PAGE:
Leading water scientists from the The Stockholm International Water Institute are issuing a stern warning that food shortages in the future will dictate a global transition to vegetarian diets by 2050.
"There will not be enough water available on current croplands to produce food for the expected 9 billion population in 2050 if we follow current trends and changes towards diets common in western nations," the report by Malik Falkenmark and colleagues at The Stockholm International Water Institute (SIWI) said.Their warning comes at a time when information about the massive contribution (pdf) of livestock production to climate change has become known. In fact, reducing livestock production is one of the most necessary components in mitigating the worst effects of climate change. And although the water scientists are saying the reduction must be done by 2050 that will be too late to mitigate the most devastating effects of a warming planet. We must begin the transition now.
Dire warnings of water scarcity limiting food production come as Oxfam and the UN prepare for a possible second global food crisis in five years. Prices for staples such as corn and wheat have risen nearly 50% on international markets since June, triggered by severe droughts in the US and Russia, and weak monsoon rains in Asia. More than 18 million people are already facing serious food shortages across the Sahel.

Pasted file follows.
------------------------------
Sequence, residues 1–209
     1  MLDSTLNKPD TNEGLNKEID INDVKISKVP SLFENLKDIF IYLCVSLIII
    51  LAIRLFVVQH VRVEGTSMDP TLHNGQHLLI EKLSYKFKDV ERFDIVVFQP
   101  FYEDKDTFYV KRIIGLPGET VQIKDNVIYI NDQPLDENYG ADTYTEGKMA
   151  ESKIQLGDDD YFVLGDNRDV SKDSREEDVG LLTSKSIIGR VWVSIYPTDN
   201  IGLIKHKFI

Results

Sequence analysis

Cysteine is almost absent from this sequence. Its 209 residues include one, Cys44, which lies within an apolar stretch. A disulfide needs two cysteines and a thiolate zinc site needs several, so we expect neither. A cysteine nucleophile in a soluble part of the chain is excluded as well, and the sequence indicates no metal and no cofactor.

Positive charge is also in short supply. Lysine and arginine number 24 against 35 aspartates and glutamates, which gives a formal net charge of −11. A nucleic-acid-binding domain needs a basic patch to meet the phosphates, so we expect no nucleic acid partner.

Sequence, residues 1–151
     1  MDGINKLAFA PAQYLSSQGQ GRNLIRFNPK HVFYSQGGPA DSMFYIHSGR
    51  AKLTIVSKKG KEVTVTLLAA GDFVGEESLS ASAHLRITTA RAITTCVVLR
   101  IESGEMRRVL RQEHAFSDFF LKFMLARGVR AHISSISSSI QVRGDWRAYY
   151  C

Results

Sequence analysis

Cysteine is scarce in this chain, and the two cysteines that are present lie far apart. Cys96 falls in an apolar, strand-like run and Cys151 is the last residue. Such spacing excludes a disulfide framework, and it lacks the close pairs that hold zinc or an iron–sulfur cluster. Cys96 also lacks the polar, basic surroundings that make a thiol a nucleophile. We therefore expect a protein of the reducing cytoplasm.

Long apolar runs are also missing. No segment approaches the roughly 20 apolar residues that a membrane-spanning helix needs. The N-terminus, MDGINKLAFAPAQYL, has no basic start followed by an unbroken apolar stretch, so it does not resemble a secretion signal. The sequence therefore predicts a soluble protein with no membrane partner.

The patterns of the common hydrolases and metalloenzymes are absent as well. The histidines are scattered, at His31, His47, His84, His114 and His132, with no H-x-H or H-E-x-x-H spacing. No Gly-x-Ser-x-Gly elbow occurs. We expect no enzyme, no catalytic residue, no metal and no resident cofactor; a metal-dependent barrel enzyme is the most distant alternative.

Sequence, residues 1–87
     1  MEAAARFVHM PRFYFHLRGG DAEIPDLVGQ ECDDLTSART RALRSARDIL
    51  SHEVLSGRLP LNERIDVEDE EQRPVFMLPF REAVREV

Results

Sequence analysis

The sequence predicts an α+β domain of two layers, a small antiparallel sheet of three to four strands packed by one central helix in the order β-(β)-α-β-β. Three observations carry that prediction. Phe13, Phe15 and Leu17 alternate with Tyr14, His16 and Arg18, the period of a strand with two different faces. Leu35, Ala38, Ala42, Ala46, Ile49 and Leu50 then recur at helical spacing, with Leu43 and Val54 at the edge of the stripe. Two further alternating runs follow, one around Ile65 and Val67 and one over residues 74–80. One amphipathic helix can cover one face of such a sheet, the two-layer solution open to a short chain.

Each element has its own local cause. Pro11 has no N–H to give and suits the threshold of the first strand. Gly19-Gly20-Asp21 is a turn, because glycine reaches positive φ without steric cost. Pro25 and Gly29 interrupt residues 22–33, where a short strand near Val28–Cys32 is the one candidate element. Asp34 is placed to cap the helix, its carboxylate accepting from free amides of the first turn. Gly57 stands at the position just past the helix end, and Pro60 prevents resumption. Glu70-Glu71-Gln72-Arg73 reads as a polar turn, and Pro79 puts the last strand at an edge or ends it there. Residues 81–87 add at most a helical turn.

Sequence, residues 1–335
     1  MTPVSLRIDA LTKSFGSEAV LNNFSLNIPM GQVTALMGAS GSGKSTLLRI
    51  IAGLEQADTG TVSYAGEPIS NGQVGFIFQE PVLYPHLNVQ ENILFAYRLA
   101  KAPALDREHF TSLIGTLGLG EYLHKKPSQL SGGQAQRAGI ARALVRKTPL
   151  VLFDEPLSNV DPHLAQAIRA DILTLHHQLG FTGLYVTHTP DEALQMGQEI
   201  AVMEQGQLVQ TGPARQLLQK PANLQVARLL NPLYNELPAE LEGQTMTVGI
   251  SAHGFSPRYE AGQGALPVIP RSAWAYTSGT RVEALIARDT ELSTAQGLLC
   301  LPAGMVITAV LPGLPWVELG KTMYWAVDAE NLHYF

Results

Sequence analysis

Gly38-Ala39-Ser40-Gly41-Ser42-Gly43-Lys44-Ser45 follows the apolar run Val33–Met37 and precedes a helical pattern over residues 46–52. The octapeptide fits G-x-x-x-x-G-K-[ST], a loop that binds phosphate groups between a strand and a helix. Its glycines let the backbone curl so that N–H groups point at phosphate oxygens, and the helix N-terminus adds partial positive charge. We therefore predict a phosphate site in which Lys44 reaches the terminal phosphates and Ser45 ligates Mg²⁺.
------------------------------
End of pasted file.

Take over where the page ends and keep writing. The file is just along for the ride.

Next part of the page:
Adopting a vegetarian diet is one option to increase the amount of water available to grow more food in an increasingly climate-erratic world, the scientists said. Animal protein-rich food consumes five to 10 times more water than a vegetarian diet. One third of the world's arable land is used to grow crops to feed animals.The benefits and opportunities of a rapid transition to a global plant based diet can not be over stated. It offers the only rapid reduction of dangerous green-house gases in the atmosphere and also helps to conserve our precious water and land resources.